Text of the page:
The Glue that Holds Journalism Together

By Maranda Bernal (Staff Writer) -9/2/16

: Journalism Adviser Timothy Ritenour helping out a journalism student with her article
: Journalism Adviser Timothy Ritenour helping out a journalism student with her article

In every unit, there’s always that beacon of light that leads its team out of darkness, the glue that holds them together, and the one that inspires them to do better. In Journalism, many of the staff writers of 2016 agree that the adviser and English Department Chairman, Timothy Ritenour, has been one of, if not the most important person, in guiding The Word along.
John F. Kennedy hasn’t always housed Ritenour though. He was a substitute in the Burbank School District prior to his work here at Kennedy. In the 2005 Spring Semester, he earned his place teaching Expository Composition and American Literature, securing his “first and only” permanent teaching position, stated Ritenour.
It wasn’t until his third year however when he became the adviser for the school newspaper. “At the time it was Sara Samson; she and I were friends, and she was going on maternity leave, and someone needed to fill that position, so she handpicked me because she knew I worked well with students and had a journalism background,” explained Ritenour.
With the faith of a friend invested in him, he decided to give it a shot, but he knew it was not going to be a walk in the park, as he further realized. “It was the most stressful year by far [because] I was inheriting, not recruiting.”
Although it was not easy to adjust to the new role, the most challenging part was trying to build a relationship with the students. The recruitments that ventured forth into the next years would prove to alleviate that difficulty. Ritenour recalls that he felt closer to the recruits, but in asking which ones he had built more of a base with, he answered as an English expert would answer when the subject of a sentence is not singular but is plural. “There was no one student, but the students.”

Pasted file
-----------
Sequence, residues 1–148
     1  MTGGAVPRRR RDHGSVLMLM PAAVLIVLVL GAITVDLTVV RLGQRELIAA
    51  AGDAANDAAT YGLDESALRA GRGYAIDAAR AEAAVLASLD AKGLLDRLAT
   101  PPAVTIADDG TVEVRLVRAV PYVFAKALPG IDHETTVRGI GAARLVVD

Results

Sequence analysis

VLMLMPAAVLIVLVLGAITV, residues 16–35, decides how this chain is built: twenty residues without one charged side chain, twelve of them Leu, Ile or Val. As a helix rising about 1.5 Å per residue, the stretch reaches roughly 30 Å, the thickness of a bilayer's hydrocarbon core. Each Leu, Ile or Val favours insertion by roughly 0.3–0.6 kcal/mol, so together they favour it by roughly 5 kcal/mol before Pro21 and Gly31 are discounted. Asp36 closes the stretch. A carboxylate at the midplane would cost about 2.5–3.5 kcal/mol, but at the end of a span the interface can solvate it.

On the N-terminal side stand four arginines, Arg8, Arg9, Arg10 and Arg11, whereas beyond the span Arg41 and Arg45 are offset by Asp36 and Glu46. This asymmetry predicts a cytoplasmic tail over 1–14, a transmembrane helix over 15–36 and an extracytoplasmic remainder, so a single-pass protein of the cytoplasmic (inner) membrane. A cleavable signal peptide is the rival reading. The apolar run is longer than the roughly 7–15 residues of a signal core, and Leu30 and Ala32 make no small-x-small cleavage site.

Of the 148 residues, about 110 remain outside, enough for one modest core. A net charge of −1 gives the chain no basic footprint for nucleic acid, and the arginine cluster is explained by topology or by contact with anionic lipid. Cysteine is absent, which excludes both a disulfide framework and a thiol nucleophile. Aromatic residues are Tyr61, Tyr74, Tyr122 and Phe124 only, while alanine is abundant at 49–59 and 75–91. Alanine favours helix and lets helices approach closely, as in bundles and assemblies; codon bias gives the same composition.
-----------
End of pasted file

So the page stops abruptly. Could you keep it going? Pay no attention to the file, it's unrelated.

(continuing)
He appreciates all of his pupils and trains them about what fine writers should produce now and in the professional world. He urges them to find good, credible sources, to learn the crafts of photography and layout design. Also, “What I think is the most important,” expressed Ritenour, “is to be objective and fair, because — including the professional media — there’s such a lack of objectivity.”
Moreover, his training has gone beyond a business platform and speaks to the character of the students. He encourages them to “branch out of cliques, think beyond the simple and go into complex, and to expand personal boundaries and horizons.”
Breaking down these walls and getting the students to interact with the school and each other is becoming more of a challenge as the size of the class has increased from about twenty to approximately forty. Not only are there more papers to grade, but “it’s harder to band people together;” which also presents the fear of not having that one-on-one with each student as he wishes to have.
His belief in the team goes unwithered as they had numerous writers place in the regional and state writing competitions of the Southern California Journalism Teacher’s Association. Even so, the way he spoke about his present and past students proves the potential and talent that are seen through his eyes as he bursted with joy, conveying how each group is genuinely special to him.
Ritenour hopes to give these young, aspiring writers the tools they need to make it in the industry. Yet he “wants to have a place where you feel you belong.” Many of the journalists, including this one, that were observed and spoken to have grown in an environment that is just the opposite of cold or negative, and have indeed widened some of their once, somewhat narrow margins. Their actions seem to coincide with Ritenour’s goal: “As long as the students walk away having enjoyed their time here and grown in some way, I feel I have done my job.”